Updates from December, 2017 Toggle Comment Threads | Keyboard Shortcuts

  • Kate 14:54 on 2017-12-31 Permalink | Reply  

    The last Centre d’histoire piece of the year looks back at a snowshoeing club that met in Côte‑des‑Neiges for a party at a long-gone hotel after trekking across Mount Royal.

     
  • Kate 07:56 on 2017-12-31 Permalink | Reply  

    The Journal says that some Projet Montréal election placards are still up around town but I’ve only seen placards for other, defeated candidates around my area.

     
    • denpanosekai 17:51 on 2018-01-01 Permalink

      A few still up in Verdun, all parties.

  • Kate 07:41 on 2017-12-31 Permalink | Reply  

    Previously we’ve seen concerns about calèche horses suffering in the heat, but the SPCA thinks the rules about making them work down to –20°C are inhumane as well.

     
  • Kate 07:37 on 2017-12-31 Permalink | Reply  

    Daniel Renaud runs down a list of the SPVM’s activities against dangerous drugs in 2017, with fentanyl topping the list.

     
  • Kate 07:29 on 2017-12-31 Permalink | Reply  

    Some lists of what’s open and closed over the New Year holiday.

    Official celebrations are proceeding despite the lingering deep freeze. The party at the Old Port starts at 21:00 and the metro will be open all night.

    The 2018 Montreal City Weblog calendar is still available: in low rez or in high rez (18.7 MB, better for printing – 13 pages of 11×17 tabloid size paper).

     
  • Kate 11:01 on 2017-12-30 Permalink | Reply  

    A new snow hill for tobogganing has been created in the Sud-Ouest near Angrignon metro. But note: it’s a private enterprise and you have to pay to use it.

     
  • Kate 10:47 on 2017-12-30 Permalink | Reply  

    As well as year-end retrospectives, we’ll be seeing some pieces about the 20th anniversary of the 1998 ice storm, which began on January 5 that year. Andy Riga has a detailed piece asking whether we’re better prepared now for that kind of extreme weather, both collectively and individually. TVA link plays video.

    I have to admit, I have flashlights and candles (and know where they are) but I don’t think about most of the other things listed in the linked emergency kit, which apparently covers things like being stranded in a vehicle, not stuck in your house in the dark.

    When the Y2K scare was abuzz I bought a tiny camping stove and a gas canister, determined not to face caffeine withdrawal in the dark, but I’ve never used it. Maybe I should resolve to find and test it in the new year.

     
  • Kate 10:25 on 2017-12-30 Permalink | Reply  

    Le Devoir interviews the city’s first gentleman, Pierre-Antoine Harvey, husband of Valérie Plante, whose life also changed suddenly on November 6. But Le Devoir is so sober in its report – there’s nothing about Harvey’s clothes or haircut or fitness regime, tsk.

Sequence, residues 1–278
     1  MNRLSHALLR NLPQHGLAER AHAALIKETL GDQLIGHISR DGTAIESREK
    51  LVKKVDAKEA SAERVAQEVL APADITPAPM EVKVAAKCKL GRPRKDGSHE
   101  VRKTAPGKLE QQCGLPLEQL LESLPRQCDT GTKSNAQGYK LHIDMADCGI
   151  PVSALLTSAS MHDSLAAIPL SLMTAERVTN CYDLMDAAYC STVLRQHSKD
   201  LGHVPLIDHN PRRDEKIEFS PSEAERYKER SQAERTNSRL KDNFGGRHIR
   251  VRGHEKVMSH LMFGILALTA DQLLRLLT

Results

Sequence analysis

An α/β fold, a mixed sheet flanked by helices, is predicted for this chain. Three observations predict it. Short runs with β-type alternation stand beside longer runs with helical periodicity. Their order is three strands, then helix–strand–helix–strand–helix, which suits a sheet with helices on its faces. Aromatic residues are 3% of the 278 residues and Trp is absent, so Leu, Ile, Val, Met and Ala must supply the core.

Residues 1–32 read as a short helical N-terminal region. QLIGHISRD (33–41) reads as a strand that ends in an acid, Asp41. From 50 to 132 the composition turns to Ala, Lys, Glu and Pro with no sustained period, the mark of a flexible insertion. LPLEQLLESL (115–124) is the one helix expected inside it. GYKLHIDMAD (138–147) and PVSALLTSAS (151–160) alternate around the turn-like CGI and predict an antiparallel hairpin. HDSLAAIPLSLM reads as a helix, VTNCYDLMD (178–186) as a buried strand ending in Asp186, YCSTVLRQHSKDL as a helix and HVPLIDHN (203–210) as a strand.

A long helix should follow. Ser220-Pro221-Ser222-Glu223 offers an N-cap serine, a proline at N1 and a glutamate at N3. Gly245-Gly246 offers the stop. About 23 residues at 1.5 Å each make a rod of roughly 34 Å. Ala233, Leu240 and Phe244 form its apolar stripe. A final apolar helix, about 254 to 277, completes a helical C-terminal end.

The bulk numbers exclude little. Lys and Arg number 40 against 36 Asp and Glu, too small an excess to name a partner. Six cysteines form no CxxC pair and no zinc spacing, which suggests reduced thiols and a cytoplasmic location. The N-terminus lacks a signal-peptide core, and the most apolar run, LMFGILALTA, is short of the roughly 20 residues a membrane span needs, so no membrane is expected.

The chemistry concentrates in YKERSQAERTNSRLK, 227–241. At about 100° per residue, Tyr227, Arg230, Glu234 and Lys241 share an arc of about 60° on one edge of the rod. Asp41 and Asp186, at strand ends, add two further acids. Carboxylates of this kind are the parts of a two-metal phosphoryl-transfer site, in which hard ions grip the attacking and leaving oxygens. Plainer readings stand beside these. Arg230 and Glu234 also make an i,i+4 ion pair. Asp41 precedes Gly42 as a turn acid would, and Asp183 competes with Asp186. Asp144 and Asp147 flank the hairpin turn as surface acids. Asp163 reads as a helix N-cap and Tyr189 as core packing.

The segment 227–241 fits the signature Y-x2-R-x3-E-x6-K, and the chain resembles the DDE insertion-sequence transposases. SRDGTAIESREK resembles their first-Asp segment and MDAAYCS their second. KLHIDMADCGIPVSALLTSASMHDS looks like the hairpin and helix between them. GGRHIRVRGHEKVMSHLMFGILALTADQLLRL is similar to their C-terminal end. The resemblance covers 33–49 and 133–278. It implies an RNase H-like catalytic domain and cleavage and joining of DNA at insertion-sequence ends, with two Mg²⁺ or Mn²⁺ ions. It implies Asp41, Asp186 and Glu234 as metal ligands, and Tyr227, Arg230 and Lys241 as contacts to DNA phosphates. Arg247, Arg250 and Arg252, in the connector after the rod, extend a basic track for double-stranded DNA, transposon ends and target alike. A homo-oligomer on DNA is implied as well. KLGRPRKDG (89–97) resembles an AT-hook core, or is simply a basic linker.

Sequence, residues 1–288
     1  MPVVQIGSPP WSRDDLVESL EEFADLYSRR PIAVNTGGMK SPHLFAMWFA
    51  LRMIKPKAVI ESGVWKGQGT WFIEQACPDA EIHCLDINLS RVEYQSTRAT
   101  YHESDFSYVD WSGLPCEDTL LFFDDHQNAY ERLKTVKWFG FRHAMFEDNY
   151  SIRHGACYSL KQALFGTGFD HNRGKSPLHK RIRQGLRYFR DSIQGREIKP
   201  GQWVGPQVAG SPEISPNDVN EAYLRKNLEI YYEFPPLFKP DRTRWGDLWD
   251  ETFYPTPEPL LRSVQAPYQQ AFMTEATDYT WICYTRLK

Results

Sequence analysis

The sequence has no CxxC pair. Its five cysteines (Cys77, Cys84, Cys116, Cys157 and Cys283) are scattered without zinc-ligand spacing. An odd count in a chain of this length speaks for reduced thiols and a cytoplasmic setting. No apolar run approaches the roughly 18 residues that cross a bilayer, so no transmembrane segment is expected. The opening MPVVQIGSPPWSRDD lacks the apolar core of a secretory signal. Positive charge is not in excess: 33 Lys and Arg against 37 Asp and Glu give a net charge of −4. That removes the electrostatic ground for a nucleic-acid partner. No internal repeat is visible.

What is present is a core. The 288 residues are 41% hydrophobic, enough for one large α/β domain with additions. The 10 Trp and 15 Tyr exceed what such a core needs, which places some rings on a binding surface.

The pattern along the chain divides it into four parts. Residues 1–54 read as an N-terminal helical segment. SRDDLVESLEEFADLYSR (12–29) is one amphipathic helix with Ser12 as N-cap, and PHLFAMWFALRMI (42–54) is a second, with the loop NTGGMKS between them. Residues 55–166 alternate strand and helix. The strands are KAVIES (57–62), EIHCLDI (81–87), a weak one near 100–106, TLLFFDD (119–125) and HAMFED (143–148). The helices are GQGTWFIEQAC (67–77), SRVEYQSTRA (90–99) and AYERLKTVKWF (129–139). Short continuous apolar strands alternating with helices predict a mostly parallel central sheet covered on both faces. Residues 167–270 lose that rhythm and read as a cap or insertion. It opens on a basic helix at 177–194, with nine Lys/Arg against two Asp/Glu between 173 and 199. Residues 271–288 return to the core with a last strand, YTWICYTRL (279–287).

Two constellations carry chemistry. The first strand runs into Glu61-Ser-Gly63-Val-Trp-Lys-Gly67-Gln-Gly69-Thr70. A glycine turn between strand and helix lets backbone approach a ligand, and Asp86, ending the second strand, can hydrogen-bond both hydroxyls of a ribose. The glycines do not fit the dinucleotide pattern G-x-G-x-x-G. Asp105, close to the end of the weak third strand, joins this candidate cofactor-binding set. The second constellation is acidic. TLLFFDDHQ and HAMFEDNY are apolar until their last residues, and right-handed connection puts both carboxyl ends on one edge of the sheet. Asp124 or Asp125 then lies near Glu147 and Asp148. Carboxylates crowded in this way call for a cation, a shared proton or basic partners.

• Chris 16:46 on 2017-12-30 Permalink

      Good, those things are irrelevant. Hopefully omitting them will catch on for ‘first ladies’ too.

    • Kate 09:28 on 2017-12-31 Permalink

      Chris, that was kind of my point.

  • Kate 10:19 on 2017-12-30 Permalink | Reply  

    Efforts are being made to persuade university students to stay in Montreal and join the workforce here after their studies are completed. But with the anglo students there’s an additional effort needed to get them to speak French.

    CBC reports that we’re seeing a growing number of international students coming to Montreal universities. (Note to the writer: it’s a boom, not a boon.)

     
    • Uatu 09:41 on 2018-01-02 Permalink

      A boom that’s also a boon! Also I think most of these students would’ve gone to the US if it weren’t for Trump and his institutionalized xenophobia so thanks ‘murica!

  • Kate 10:08 on 2017-12-30 Permalink | Reply  

    CBC went along with the Old Brewery Mission bus as it shuttled around town trying to find homeless people and persuade them to come inside. The cold snap will see night temperatures around –25°C until Tuesday at least, and we now have a smog warning up on the weather page alongside the extreme cold warning: don’t go outside, but if you do, try not to breathe too much.

    Le Monde has a report on the cold weather in Quebec City: “Malgré le froid, le travail continue”!

     
  • Kate 10:04 on 2017-12-30 Permalink | Reply  

    Homicides connected with organized crime are down, in fact homicides are way, way down compared with the 90 killings in 1977. For CBC, Joanne Bayly tells the story of an unsolved murder that year and shows that Montreal police have a relatively low solution rate that hasn’t changed even as numbers have dropped.